4 April 2016
Transcript - #2016041, 2016

Interview with Michael Brissenden, ABC AM

SUBJECTS: COAG; Labor’s reckless tax and spend approach to the Budget; Labor’s unfunded promises on health and education; ensuring government lives within its means; Mossack Fonseca; Turnbull Government’s action on Multinational Tax Avoidance; Labor’s decision to vote against the Turnbull Government’s Combating Multinational Tax Avoidance legislation

MICHAEL BRISSENDEN:

Treasurer, good morning.

TREASURER:

Good morning, Michael.

BRISSENDEN:

Asking the states to levy their own taxes was never going to fly, was it? Why do it?

TREASURER:

The Prime Minister called the states and territories' bluff last Friday by putting forward that proposal. What was basically put out there was the opportunity for them to have greater autonomy over these issues. They've decided that they didn't want to do that. I mean of course Colin Barnett was supportive of it and Mike Baird was prepared to consider it but there was no consensus and so that's off the table and we go forward. It was a threshold issue and a threshold issue where the states decided that that they don't want to increase income taxes, we certainly don't want to increase income taxes. The only people who will be increasing taxes will be the Labor Party.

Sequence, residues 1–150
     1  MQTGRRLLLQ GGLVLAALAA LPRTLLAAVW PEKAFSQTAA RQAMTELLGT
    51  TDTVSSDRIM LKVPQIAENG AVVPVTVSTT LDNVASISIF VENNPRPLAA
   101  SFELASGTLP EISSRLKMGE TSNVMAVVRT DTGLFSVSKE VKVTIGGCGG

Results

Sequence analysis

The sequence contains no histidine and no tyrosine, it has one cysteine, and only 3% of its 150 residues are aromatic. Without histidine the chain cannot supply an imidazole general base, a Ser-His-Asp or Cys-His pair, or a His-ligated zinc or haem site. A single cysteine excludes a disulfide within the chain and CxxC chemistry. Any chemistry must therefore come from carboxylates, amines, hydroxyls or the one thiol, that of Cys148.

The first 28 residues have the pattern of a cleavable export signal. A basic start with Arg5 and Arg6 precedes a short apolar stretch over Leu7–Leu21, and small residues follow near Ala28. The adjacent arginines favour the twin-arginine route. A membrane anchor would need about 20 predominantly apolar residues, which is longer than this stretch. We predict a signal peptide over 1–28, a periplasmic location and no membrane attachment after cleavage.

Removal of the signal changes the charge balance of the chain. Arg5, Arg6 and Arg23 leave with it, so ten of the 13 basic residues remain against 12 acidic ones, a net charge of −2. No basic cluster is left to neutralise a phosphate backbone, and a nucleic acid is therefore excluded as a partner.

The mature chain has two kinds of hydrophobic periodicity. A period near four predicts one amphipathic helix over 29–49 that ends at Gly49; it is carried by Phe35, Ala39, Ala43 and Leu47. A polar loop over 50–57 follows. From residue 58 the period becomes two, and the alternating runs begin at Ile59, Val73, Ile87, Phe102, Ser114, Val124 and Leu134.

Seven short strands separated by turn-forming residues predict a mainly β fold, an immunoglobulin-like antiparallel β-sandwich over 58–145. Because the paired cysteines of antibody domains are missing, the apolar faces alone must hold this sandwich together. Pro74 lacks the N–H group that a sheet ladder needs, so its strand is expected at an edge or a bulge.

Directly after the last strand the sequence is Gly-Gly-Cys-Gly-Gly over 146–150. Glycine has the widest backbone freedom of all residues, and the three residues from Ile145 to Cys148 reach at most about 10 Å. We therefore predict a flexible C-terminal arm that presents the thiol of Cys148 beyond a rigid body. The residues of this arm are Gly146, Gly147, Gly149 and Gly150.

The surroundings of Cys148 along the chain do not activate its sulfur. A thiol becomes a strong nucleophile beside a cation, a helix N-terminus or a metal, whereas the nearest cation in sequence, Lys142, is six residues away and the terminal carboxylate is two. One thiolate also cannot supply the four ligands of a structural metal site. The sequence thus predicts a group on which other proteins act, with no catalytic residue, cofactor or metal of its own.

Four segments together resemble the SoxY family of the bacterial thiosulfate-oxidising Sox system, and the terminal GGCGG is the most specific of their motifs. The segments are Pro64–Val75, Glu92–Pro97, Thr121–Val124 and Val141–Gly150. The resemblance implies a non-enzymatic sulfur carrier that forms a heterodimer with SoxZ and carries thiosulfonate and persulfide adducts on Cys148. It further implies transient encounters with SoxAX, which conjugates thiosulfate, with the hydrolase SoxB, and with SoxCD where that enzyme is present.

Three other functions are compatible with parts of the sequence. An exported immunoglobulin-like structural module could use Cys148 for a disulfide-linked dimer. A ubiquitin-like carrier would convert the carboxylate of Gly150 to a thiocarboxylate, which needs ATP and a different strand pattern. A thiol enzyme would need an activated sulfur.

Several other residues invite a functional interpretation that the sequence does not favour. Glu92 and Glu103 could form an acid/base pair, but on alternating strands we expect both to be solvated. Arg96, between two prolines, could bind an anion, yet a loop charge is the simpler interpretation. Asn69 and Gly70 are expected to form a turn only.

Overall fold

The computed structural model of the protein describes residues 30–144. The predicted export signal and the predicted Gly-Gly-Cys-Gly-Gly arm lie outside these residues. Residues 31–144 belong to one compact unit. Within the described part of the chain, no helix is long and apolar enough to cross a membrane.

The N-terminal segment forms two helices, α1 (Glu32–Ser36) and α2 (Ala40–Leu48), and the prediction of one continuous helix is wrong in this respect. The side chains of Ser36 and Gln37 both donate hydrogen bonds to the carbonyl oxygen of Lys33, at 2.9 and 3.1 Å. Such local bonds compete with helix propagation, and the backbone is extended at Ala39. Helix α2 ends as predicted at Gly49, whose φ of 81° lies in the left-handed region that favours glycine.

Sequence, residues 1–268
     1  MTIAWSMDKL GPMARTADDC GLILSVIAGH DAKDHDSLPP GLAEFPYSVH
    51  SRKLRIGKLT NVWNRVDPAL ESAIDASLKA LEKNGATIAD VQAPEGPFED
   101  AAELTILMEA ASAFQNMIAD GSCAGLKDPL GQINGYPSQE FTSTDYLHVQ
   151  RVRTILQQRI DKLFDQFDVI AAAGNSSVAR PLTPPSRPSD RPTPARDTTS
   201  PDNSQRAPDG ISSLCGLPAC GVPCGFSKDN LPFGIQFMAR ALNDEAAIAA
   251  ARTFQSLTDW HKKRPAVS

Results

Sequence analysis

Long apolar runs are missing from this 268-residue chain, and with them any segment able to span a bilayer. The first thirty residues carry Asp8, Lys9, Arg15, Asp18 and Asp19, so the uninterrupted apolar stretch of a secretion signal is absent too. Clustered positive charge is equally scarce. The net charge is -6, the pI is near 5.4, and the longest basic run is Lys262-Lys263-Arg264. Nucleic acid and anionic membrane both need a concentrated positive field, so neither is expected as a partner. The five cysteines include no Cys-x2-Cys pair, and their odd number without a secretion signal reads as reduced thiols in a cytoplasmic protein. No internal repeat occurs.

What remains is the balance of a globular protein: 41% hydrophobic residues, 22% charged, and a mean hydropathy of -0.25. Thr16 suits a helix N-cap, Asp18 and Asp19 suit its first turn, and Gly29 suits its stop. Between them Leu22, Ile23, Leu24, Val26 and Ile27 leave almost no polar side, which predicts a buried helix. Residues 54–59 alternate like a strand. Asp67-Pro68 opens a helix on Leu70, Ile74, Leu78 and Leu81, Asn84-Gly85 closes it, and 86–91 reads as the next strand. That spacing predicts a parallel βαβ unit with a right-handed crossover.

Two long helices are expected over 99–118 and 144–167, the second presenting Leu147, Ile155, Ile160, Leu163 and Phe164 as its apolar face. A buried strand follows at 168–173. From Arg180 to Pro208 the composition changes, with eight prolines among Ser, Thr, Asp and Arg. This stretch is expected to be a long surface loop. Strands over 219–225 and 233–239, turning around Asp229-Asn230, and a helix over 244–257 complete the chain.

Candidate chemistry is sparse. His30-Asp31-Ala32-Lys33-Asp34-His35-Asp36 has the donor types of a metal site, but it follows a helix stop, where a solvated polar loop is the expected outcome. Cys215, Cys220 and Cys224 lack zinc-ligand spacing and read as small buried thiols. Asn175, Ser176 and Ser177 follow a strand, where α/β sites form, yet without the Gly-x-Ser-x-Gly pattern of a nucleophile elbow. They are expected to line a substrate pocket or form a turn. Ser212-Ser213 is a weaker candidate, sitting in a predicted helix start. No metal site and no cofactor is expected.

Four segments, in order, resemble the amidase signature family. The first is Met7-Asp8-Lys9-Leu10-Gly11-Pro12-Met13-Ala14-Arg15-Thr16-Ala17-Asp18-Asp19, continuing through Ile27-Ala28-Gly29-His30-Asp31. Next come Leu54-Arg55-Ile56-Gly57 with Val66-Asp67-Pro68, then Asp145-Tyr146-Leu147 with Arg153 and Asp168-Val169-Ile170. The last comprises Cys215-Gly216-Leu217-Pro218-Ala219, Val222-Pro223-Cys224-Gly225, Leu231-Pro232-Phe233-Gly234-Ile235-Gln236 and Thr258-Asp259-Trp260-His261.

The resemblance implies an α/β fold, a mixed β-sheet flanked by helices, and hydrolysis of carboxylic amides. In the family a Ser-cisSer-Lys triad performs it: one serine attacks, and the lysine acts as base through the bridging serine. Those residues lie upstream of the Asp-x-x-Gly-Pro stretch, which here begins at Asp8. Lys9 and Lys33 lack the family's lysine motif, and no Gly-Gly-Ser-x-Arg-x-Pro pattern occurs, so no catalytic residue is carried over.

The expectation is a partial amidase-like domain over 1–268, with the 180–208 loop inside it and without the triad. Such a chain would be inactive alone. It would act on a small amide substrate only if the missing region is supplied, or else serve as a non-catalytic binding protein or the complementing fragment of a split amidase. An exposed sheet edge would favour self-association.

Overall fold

BRISSENDEN:

Indeed, you said only last week that you didn't want to see the states increase income taxes. Nobody wants to see people increase income taxes so why abrogate the responsibility yourself?

TREASURER:

The question really put to states was a question about what level of sovereignty and autonomy they wanted to have over the revenue side of their budgets and the Prime Minister called that bluff last Friday. That issue now has been determined and so now we go forward and the Prime Minister, I think, has made the very strong point that we have to live within our means. You can't spend money that's not there. You can't promise money that's not there as Julia Gillard did. We had worked with the states to identify a way to be able to support that health spending that we agreed to last Friday. We can do that within our means but beyond that, we will continue to work with the states on other measures and that will happen over the balance of the year and obviously subject to the next election.

BRISSENDEN:

And one of the key areas, obviously, is the public education system. And the money that was pledged by the Gillard Government, the so-called Gonski out years, clearly the public education system is going to have to take a cut in expectation at least because there will be a shortfall in that funding. Do we just have to accept that?

TREASURER:

The states and territories made it clear that this matter doesn't have to be determined until early next year and that's the timetable that COAG agreed to deal with that matter.

BRISSENDEN:

So there could be more?

TREASURER: